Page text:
We are proud to present this year's artists for The Performance Arcade 2020. We have an array of performances to bring to you from drag to marathon runners and award-winning international artists from all over the globe. Find them in the hidden Speakeasy or out in the Wellington harbour. Come and explore all the wonderments our artists have to offer you.

Julia Orquera




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Julia Orquera Bianco

Julia Orquera Bianco was born in Argentina and lived in Mexico and the United States. She attended Escuela de Arte Fotográfico de Avellaneda, where she specialized in Photography. In 2011, Orquera Bianco earned a Bachelor of Fine Arts with an emphasis in Drawing and Painting from Universidad del Museo Social Argentino (Buenos Aires, Argentina).

In 2018, she graduated from the MFA program at Roski School of Art and Design, University of Southern California, Los Angeles.  Her art practice interrogates her everyday experience as an alien in the U.S. through addressing collective and personal heritage as a platform to create objects, installations and time-based media that put into evidence identity as a fragile construct, constantly in motion, influenced by the past but re-contextualized and impacted by the present and the place.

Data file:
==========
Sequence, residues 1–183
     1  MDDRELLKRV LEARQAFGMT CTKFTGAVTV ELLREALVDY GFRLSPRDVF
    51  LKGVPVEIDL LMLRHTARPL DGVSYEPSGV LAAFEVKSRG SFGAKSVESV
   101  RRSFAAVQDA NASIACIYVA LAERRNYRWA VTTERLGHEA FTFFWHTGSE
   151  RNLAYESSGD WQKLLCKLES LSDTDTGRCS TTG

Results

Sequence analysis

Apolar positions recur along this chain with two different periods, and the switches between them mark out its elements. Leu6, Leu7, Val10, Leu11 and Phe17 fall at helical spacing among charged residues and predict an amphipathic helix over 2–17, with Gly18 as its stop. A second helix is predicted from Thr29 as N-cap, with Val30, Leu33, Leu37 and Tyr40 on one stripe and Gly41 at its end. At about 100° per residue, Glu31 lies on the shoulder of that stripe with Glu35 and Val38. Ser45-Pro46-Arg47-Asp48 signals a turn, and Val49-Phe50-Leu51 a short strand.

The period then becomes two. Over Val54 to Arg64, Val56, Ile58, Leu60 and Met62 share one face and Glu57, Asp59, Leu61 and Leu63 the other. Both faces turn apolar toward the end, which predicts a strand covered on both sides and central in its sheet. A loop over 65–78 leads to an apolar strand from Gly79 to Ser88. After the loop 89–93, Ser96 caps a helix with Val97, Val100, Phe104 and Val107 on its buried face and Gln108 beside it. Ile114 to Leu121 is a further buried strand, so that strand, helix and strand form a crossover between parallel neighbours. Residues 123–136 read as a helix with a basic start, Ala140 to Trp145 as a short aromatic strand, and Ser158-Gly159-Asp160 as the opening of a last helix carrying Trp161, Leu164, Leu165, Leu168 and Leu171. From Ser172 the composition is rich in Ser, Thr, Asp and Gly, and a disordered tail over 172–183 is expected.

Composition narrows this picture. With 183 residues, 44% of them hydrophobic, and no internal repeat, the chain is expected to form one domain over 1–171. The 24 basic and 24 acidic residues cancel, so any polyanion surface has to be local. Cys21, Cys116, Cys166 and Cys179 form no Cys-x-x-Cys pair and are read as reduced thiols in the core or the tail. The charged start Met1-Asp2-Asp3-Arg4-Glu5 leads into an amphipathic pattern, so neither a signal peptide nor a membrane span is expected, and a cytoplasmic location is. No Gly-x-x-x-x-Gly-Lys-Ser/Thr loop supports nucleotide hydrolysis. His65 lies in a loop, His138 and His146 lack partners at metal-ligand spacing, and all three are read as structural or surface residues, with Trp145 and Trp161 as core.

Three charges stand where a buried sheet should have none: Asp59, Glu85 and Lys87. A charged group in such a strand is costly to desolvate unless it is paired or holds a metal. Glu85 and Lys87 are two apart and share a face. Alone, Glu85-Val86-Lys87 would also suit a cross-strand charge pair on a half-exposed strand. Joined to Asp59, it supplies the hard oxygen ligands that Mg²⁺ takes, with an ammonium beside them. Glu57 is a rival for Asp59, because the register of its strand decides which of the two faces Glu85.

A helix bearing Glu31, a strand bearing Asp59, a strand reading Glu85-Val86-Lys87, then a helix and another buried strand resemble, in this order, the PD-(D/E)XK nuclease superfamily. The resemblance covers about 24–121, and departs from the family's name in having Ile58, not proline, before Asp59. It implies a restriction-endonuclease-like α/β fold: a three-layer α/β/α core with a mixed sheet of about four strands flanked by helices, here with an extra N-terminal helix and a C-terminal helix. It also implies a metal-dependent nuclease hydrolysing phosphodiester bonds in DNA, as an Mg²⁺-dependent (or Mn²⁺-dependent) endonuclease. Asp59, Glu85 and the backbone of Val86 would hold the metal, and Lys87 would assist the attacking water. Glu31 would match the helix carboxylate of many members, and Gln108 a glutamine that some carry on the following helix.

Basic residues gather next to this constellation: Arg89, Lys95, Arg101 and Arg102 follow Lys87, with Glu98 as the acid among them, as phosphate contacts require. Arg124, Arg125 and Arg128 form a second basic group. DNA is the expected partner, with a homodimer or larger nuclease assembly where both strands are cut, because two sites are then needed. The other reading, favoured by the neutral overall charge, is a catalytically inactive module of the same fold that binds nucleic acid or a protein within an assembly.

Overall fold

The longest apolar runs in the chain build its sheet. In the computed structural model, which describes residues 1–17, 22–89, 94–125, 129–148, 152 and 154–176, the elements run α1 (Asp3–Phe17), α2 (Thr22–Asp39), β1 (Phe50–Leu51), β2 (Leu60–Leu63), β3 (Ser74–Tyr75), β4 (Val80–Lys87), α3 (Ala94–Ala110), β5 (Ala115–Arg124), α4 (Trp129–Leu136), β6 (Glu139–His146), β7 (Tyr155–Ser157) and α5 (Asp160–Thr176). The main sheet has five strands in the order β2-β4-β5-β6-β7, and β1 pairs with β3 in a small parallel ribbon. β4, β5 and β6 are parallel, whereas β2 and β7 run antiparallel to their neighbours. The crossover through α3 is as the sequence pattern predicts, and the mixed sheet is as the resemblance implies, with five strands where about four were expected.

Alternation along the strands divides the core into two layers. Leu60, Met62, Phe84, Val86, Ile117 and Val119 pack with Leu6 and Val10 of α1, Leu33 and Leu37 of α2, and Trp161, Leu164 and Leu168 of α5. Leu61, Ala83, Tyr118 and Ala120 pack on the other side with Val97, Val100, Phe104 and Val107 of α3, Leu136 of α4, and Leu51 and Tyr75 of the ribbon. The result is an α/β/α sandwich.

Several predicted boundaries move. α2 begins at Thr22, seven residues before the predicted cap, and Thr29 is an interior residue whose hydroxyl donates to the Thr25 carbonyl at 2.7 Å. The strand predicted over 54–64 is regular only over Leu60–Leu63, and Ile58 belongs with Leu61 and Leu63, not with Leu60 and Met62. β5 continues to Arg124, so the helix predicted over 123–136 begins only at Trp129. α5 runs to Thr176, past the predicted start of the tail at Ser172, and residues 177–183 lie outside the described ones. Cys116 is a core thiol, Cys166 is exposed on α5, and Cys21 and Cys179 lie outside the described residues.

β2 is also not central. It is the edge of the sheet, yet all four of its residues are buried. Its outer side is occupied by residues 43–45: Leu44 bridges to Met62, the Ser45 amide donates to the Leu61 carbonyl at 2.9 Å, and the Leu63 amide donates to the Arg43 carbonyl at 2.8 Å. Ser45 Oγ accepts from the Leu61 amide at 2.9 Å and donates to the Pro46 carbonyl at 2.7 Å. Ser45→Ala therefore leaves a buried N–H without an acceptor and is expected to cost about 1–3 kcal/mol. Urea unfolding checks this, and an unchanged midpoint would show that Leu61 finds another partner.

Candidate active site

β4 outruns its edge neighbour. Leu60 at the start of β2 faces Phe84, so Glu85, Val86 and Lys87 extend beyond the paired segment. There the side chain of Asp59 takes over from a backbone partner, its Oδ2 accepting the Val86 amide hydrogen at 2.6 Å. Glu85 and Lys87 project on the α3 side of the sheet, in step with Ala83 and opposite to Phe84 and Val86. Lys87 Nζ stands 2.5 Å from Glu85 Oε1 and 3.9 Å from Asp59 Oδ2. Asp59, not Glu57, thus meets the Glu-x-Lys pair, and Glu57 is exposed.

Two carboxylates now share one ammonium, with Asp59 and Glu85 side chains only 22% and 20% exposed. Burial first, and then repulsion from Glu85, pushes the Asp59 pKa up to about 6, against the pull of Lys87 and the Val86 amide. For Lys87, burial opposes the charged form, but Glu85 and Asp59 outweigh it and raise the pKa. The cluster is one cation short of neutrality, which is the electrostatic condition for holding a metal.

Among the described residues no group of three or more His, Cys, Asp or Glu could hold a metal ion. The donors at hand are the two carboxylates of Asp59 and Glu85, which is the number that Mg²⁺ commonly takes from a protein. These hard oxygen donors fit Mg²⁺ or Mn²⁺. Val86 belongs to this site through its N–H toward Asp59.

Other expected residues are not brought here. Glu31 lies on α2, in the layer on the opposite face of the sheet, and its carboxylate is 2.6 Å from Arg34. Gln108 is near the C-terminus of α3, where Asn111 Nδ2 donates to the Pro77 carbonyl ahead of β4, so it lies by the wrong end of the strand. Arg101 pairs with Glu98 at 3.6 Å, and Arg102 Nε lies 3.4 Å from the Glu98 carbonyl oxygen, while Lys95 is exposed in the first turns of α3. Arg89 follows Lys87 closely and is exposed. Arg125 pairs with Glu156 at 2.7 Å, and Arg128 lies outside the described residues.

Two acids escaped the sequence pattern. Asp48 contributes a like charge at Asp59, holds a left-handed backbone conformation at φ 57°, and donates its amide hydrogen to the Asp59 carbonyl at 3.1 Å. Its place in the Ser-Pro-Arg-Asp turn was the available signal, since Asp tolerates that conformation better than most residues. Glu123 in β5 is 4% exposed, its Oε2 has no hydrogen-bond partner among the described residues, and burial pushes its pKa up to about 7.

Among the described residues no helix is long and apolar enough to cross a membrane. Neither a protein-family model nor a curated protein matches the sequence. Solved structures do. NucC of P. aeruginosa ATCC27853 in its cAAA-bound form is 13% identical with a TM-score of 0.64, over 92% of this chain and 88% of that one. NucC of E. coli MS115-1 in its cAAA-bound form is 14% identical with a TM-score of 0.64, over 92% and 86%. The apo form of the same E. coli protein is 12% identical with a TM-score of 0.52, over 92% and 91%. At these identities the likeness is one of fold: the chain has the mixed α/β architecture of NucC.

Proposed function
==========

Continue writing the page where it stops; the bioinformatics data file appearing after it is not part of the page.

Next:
Her latest work explores alternative formats through the use of common materials in unconventional ways. Her work has been showcased in Argentina, Canada, Mexico and the United States.   


The Winged Victory of Samothrace is one of the most celebrated sculptures in the world. An icon of Western Civilization, this sculpture was made to honor a sea battle and used to rest on a rostral pedestal of gray marble representing the prow of a ship. In just five decades, containerships would carry about 60% of the value of goods shipped via sea. While creating a revolution in cargo transportation and international trade, containers have been used systematically for the smuggling of migrants and human trafficking, as a result of the humanitarian crisis we live in today.


My personal experience as an alien showed me time and time again the contradictions inherent to the migrant experience and the big gap between expectation and reality in it.

In this piece, I problematize the Victory of Samothrace as a symbol connected to ideas of linear progress and order, to insert parallel narratives and the chaotic, asymmetrical and tragic aspect of the human experience. 

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